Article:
“You don’t have to be an expert in compliance and governance to know that when the board loses trust it’s already too late; the company is already in trouble, perhaps fatally,” says Ed Lawler, professor of business and director for the Center for Effective Organizations at the University of Southern California. “As an executive, the rule is not to have three sets of books: one for the public filings, one for the board, and the real one. In other words, don’t lie. For the board, they need to get on top of what’s going on with human capital and fiscal capital. They should know who senior managers are and what they do and who reports to them.”

Lawler’s advice for CFOs: “You have to listen, just listen, to what the board is telling you. You don’t have any other choice.” Lawler says many directors—especially the independent ones—are already leery of top managers and their temptation to manipulate earnings in the quest for more compensation. Lawler released a study in mid-February that found one-third of directors at public companies believe CEO pay is “too high in most cases.”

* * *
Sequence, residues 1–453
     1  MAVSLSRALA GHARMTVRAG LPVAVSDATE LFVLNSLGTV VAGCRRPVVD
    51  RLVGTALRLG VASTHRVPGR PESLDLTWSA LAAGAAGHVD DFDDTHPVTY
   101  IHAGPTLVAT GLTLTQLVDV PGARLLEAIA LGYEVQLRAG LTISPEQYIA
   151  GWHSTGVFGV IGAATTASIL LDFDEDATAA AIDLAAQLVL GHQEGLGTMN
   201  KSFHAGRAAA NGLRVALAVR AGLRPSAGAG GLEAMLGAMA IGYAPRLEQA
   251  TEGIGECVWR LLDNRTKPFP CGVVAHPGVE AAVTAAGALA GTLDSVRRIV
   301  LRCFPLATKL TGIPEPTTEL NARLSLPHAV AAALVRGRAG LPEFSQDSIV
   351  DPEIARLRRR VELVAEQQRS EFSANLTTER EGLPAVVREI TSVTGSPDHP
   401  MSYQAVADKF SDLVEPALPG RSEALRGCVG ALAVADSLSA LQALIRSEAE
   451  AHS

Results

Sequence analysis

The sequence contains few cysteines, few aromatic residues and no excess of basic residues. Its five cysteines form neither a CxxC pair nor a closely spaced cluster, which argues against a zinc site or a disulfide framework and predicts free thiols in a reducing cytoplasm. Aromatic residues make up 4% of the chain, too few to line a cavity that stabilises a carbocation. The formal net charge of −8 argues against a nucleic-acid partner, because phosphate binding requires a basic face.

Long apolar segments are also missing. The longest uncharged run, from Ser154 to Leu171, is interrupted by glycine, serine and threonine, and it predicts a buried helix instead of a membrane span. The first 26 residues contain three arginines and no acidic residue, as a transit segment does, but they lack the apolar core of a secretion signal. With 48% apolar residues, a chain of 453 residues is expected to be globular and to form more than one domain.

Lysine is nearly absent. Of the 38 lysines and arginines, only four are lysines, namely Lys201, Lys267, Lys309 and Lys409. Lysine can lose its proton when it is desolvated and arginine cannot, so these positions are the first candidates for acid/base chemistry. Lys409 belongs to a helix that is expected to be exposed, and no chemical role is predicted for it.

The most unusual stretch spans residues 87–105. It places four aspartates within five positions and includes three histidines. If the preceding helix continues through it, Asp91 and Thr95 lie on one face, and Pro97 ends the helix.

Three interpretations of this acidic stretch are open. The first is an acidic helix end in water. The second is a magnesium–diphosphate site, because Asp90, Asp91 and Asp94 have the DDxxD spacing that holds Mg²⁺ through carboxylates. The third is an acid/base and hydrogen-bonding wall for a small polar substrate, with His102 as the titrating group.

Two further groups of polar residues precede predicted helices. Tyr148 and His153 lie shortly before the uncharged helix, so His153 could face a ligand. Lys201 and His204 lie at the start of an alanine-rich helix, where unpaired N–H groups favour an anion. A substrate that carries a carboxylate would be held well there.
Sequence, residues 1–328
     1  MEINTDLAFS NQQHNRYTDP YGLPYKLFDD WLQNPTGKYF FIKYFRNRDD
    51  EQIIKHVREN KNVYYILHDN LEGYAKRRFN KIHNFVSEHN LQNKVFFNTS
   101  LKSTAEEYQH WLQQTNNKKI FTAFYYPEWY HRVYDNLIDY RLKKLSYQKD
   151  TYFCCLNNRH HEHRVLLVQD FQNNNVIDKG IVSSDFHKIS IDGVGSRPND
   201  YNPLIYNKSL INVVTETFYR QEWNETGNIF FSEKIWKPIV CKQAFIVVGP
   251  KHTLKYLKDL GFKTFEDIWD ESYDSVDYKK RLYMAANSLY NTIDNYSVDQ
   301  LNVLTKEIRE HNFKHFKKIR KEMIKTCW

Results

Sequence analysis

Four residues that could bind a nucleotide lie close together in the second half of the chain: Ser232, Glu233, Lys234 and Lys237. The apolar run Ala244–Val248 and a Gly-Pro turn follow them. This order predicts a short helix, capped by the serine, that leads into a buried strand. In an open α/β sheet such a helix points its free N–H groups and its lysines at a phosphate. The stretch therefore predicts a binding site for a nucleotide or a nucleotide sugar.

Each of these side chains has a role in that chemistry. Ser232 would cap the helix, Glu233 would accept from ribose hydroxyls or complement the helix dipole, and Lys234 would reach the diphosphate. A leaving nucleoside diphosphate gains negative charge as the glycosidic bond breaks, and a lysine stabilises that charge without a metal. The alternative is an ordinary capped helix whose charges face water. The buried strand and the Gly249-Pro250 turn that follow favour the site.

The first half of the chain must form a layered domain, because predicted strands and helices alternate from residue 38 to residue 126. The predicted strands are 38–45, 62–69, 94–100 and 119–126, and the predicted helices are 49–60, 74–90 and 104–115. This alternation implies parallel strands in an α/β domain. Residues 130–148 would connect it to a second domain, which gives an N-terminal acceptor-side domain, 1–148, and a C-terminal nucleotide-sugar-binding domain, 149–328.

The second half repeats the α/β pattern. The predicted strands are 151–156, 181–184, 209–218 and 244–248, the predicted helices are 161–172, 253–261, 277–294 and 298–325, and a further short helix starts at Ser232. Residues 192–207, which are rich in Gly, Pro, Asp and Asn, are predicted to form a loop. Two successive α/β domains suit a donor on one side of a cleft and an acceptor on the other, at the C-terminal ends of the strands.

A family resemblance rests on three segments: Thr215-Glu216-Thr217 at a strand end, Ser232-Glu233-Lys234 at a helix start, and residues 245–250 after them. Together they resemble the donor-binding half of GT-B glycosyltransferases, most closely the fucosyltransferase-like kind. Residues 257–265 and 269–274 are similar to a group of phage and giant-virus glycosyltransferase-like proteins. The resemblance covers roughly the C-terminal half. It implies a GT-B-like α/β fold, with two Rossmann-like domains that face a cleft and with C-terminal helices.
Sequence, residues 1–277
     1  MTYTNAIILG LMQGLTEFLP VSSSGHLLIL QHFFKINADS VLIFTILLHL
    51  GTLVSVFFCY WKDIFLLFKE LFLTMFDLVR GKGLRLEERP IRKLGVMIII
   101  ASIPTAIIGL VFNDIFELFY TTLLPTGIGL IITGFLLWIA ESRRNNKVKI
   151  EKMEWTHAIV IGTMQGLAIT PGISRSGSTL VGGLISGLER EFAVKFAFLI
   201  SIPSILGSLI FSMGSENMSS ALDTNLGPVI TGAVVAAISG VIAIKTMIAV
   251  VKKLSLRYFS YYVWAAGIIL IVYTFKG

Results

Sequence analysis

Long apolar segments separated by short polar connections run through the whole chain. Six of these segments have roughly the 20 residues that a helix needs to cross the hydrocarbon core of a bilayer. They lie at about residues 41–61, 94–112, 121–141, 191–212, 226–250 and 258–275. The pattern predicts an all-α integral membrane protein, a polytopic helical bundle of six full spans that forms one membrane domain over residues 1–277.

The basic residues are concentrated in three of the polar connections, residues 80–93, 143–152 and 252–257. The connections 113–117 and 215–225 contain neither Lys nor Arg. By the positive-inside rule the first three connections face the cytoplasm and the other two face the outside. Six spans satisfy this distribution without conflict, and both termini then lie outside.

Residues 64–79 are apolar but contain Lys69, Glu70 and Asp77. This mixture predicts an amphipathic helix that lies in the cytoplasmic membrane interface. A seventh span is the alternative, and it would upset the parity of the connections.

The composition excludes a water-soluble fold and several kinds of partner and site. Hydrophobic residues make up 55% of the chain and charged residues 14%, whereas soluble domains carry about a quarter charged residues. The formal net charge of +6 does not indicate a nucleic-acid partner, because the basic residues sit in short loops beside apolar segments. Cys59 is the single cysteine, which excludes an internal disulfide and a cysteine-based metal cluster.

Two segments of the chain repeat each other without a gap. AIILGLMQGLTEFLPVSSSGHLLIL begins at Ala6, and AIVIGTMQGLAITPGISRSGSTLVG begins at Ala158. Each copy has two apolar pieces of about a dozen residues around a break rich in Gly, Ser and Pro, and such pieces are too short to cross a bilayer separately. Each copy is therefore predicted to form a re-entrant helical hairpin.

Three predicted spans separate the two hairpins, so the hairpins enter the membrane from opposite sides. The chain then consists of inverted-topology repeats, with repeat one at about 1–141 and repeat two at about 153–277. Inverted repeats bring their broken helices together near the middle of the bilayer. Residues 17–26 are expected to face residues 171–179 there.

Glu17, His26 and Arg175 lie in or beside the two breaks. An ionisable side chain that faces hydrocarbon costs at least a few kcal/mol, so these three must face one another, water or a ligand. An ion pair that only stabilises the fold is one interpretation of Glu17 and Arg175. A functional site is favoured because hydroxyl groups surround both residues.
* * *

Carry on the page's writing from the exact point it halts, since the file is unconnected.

Richard Roedel, director of the Association of Audit Committee Members and a board member for several companies, says an “all cards on the table” approach is critical. “Over time, no matter how great the performance of a given senior executive, there’s no way you can operate without knowing for sure what everybody is doing, why they’re doing it, when they’re doing it, and how they’re doing it. Honesty is not only the best policy, but the only policy where I'm concerned,” he says.

Many of today’s boards also have a say in the rearing and monitoring of top IT staff, who need a reasonable modicum of trust from the board—particularly as it relates to compliance. Robert Stroud, an executive vice president in charge of IT audit for computer consultant firm CA, suggests that what is said in memos and other communication with the board doesn’t matter if staff deviate from predefined goals.

“Confidence and trust cannot be built overnight; it grows over time,” he says. “It evolves based on several measures, and the first is open and transparent communications including reporting on the metrics jointly defined and evolving these measurements over time.”